July 2020 Newsletter: Among the Covid-19 carnage, green shoots

Published 21 Jul 2020

It’s July. It seems hard to believe we are just half-way through this extraordinary, difficult year.

I think my March piece for BloombergNEF (Covid-19 – The Low-Carbon Crisis), has been aging fairly well. We are indeed on track for a fall in energy-related CO2 emissions of more than 5% – with the International Energy Agency estimating a fall of 8% (consisting of a 6% drop in energy use but an even sharper drop in the use of coal-fired power). It has become clear we are in the throes of a dramatic recession. Oil prices did indeed crash to unprecedented levels – though they have recovered somewhat since – and Saudi Arabia was quickly forced to give up its ill-advised price war for market share. And we are indeed, as predicted, in a “two-speed world, in which some countries have all but eliminated the virus but in others it rages out of control”, although I would never have predicted that the US would be one of the countries failing so tragically to suppress the pandemic.

My March BloombergNEF piece also laid out a few principles for a green post-pandemic stimulus, which spurred a number of governments to make contact for a chat. Governments’ policy interventions will decide whether the trends driving the world towards peak emissions, which I wrote about at the end of 2019, accelerate or are put on hold for the next few years. The EU is leading the way with its €750 billion combined Recovery and Green Deal plan; the US response will depend on the outcome of the Presidential election in November; Japan, Korea and India have made encouraging noises about retiring coal and promoting clean energy; the early moves by Chancellor Rishi Sunak have been positive in the UK. But as always it is China which is key – and hard to read, with different internal power brokers pushing for high- and low-carbon recovery plans.

In my Q1 newsletter I mentioned that Zeelo, the smart commuter bus company which I chair, was pivoting to provide Covid-safe commuter services to employers of key workers. We lost 80% of our pre-Covid revenues the moment the lock-down hit, but replaced the lost business four times over with new clients, including Amazon. We also set up a JV in Italy and raised sufficient additional funding (including matching by the UK’s Future Fund) to get through to 2022. I thought I had moved quickly when I pivoted New Energy Finance away from its focus on investment banks and hedge funds, and towards governments and utilities, in 2007/08!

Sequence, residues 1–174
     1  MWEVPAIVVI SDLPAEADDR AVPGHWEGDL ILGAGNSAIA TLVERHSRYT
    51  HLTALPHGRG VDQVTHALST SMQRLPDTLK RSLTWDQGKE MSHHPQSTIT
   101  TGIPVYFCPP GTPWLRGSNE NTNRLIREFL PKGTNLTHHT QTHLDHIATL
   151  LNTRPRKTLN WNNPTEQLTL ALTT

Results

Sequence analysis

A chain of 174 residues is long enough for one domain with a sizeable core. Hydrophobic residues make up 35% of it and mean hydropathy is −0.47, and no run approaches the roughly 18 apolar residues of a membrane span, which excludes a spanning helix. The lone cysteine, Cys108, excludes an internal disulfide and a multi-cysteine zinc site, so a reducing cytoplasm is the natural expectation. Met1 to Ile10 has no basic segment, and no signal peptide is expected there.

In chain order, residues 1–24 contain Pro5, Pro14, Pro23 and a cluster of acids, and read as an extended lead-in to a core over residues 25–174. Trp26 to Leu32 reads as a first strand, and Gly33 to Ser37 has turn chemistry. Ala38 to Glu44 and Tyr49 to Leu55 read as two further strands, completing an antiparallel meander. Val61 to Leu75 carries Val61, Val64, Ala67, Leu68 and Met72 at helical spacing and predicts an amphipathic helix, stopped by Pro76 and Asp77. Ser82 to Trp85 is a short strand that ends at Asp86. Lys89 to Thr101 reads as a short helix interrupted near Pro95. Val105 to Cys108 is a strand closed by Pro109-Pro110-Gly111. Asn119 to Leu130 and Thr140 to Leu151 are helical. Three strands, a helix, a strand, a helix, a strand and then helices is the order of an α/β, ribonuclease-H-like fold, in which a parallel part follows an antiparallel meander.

In May, Sam Ryan, Zeelo’s CEO and I jointly authored this piece on the longer term impacts of Covid: Public Transport’s Covid-19 Capacity Crunch & What To Do About It. TLDR: transit systems will be under extreme stress for years, so if we don’t want to see a return to cars and massive congestion, we need to do three things: restore trust in public transport, promote active travel and integrate smart mobility services (like Zeelo!) into our transit systems.

My June piece for BloombergNEF, Energy Efficiency Key To Covid Recovery, was a clarion call for energy efficiency to play a key role in any post-Covid economic recovery plan. I called it “the Swiss Army Knife” of stimulus spending, because it can immediately put money into the hands of people who will spend it (short-term multiplier), while at the same time delivering significant improvement in our asset base and reduction in operating costs (long-term multiplier), as well as helping to reduce emissions (reducing climate risk). Of course spending on EV charging infrastructure and distributed generation and storage would have a similar three-way impact. That’s not to say there isn’t a role for mega-projects – hydrogen, public transportation, power generation, interconnections, giga-factories and the like – just don’t expect them to deliver an immediate multiplier effect.

The past quarter also saw the IEA’s Global Commission for Urgent Action on Energy Efficiency, on which I served, publish its 10 Recommendations. All 10 recommendations are good, but I was particularly pleased with Number 4, Mobilising Finance. I continue to work as an advisor to SDCL, Europe’s leading specialist investor in energy efficiency, and in May I recorded a series of video conversations with its founder and CEO, Jonathan Maxwell.  In June I helped close the Australian Energy Efficiency Council’s 2020 National Conference with a (virtual) conversation with their CEO Luke Menzel.